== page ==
His assessment at the OTU was as follows: “Very keen. Might make a very capable leader. Very calm in the air. Has shown patches of brilliance in his flying in contrast to moments of carelessness. An inclination to overconfidence which squadron experience should help eradicate. Will develop into a very capable pilot. Good average.”

From the OTU, Magee was posted to 412 Squadron on September 16, 1941. It was shortly after his first Spitfire flight that he penned High Flight. In a letter home he wrote, “I am enclosing a verse I wrote the other day. It started at 30,000 feet and was finished soon after I landed. I thought it might interest you.” On the bottom corner of the page is noted, “PTO for ditty.”

High Flight Original

Copy of the original High Flight

This poem went on to become one of the most loved and well-known poems in aviation history. It has been recited at thousands of aviation events, been set to music, has shown up in Hollywood movies, and been quoted by Presidents and astronauts alike. It has captured the imagery and magic of flight felt by all aviators.

Magee’s letters home at the time also indicate that he was having the time of his life: “My squadron contains surely the grandest bunch of people that ever lived. I am sure I am going to be very happy here. It’s an all-Canadian squadron. The squadron leader is a peach, quiet but efficient and thoughtful.”

Magee’s first introduction to combat was a sobering one: six Spitfires took off and only three returned. Magee was the sole survivor of his section of four. He flew the mission in Spitfire AD291 – the same aircraft in which he would end his life on December 11.

He wrote to his parents: “I have at last been in action. I was flying in the leading section of 4 as the new CO’s wing man. I was the last man to see him alive, as just before we took off, he was giving me a little fatherly advice as it was my first action and I was a little uneasy!! We were jumped by 10’s coming in swarms out of the sun. We turned into them immediately but I turned so violently that I spun down a good many thousand feet and got away. I was the only one to avoid getting hit. The CO and two others (in my section) were all shot down. The CO Kitt Bushell was one of the grandest men I have ever known. The mess has an air of forced cheerfulness just now. Our losses (the first we have sustained) were pretty hard to take but we needed some waking up. Everyone is determined to get something next time.”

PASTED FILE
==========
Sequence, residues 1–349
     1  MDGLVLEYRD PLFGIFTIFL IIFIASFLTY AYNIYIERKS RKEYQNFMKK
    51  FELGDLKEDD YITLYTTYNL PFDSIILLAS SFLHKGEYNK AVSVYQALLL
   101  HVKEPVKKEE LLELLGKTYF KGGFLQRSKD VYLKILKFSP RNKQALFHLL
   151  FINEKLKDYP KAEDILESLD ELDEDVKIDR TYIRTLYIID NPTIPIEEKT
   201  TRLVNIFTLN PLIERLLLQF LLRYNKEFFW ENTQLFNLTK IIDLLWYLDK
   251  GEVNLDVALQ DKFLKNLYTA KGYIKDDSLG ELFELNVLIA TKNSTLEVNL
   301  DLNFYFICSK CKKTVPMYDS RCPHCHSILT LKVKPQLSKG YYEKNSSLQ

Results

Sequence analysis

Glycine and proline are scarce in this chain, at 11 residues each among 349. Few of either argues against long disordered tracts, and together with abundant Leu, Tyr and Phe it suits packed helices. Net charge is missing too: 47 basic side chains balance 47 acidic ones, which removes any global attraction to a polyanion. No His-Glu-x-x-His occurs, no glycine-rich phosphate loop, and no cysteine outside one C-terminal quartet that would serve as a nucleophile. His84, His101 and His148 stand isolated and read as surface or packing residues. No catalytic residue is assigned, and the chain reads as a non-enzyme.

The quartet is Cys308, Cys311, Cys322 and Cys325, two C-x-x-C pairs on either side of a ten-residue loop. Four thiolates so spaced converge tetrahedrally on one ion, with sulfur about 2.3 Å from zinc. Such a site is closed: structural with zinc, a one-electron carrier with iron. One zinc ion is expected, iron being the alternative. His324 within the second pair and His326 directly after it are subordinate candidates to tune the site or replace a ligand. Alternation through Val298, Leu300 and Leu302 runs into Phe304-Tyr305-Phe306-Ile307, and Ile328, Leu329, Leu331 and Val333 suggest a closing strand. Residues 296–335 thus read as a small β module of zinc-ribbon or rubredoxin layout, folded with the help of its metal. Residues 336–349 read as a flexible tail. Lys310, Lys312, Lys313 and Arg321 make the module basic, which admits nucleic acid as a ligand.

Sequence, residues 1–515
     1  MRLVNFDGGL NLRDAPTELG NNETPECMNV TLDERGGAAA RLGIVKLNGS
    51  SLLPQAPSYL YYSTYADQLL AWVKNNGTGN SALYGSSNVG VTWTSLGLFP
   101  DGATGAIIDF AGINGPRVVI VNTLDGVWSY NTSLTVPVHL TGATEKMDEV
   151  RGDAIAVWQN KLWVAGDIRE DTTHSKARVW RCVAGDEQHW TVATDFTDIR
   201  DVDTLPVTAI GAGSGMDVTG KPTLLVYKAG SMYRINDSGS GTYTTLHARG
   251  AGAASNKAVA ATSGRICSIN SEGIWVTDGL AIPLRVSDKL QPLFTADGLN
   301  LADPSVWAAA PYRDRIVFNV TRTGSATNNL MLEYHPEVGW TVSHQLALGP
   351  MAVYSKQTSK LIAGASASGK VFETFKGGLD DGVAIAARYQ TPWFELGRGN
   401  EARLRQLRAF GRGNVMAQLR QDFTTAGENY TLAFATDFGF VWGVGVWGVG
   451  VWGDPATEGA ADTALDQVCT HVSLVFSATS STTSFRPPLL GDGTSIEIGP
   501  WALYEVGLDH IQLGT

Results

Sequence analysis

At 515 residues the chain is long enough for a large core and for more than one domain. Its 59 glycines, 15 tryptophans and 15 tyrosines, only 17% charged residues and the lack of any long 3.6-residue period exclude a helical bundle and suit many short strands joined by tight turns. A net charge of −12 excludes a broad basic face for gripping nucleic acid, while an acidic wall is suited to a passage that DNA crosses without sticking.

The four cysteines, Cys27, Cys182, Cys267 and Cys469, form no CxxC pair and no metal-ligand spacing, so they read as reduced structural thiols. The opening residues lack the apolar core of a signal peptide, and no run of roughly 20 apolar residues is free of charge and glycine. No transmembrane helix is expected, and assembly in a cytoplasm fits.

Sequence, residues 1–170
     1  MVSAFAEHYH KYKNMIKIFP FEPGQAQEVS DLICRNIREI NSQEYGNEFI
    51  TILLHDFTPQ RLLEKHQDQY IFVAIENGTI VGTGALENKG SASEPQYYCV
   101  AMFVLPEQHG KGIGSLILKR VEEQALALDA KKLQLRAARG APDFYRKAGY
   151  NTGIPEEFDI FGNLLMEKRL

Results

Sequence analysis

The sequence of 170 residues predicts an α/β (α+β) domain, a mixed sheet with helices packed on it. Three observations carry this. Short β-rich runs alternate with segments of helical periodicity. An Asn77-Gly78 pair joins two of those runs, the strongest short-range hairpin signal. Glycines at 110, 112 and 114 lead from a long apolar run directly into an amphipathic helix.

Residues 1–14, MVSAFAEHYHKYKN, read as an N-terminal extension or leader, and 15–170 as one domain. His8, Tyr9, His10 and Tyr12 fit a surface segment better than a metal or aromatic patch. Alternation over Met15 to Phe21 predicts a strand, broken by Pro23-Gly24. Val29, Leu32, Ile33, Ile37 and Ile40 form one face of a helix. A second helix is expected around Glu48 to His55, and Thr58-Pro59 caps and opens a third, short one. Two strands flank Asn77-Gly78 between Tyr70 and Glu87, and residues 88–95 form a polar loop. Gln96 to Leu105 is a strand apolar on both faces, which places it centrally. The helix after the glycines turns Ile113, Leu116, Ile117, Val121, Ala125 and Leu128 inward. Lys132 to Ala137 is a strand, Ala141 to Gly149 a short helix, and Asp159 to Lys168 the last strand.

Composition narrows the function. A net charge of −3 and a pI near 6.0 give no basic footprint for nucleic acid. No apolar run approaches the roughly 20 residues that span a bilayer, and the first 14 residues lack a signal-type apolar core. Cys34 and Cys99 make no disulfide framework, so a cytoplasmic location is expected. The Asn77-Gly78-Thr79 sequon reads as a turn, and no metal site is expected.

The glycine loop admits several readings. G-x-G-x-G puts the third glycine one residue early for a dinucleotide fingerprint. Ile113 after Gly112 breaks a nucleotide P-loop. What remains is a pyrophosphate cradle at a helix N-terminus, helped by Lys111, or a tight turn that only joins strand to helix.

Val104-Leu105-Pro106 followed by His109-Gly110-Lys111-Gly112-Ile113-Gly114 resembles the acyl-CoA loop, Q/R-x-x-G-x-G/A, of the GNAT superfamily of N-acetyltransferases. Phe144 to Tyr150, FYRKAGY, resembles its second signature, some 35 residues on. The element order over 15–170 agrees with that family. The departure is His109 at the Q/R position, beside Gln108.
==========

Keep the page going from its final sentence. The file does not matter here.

Towards the end of November 1941, Magee was flying twice a day, practicing gunnery, formation and night flying. In a letter to a friend he wrote, “Really you have no idea how terrifying – and yet how marvellous – it all is….I have never had such fun in my life.”

While Magee may have been having fun, he was not immune to the sobering reality of life as an operational fighter pilot. He wrote to a friend, “Frankly, however, I do not expect to last. It’s not a very sensible thing to talk about on the whole, but to be good you’ve got to take your chances and you can’t win all the time. I expect to end my days here in England…”

On December 11, 1941 at 10:40am, 19-year-old P/O Magee took off in a Spitfire Mark VB in a section of four to practice cloud flying, formation and combat.

An hour later the section was returning to base, diving down through a hole in the clouds in a loose line-astern formation. Magee was third in the line and collided with an Airspeed Oxford trainer flying just under the cloud deck. He was seen struggling to get clear of his aircraft but both aircraft hit the ground near the village of Scopwick in Lincolnshire. Both pilots were killed.

R.P. Bentham wrote that, “A mid-air collision is one of the cruellest tricks that fate can play on a pilot.”

Magee’s grave marker in Scopwick village cemetery reads:

“Oh! I have slipped the surly bonds of earth

Put out my hand and touched the face of God.”

For more information on Magee and Vintage Wings’ High Flight Harvard, follow the link: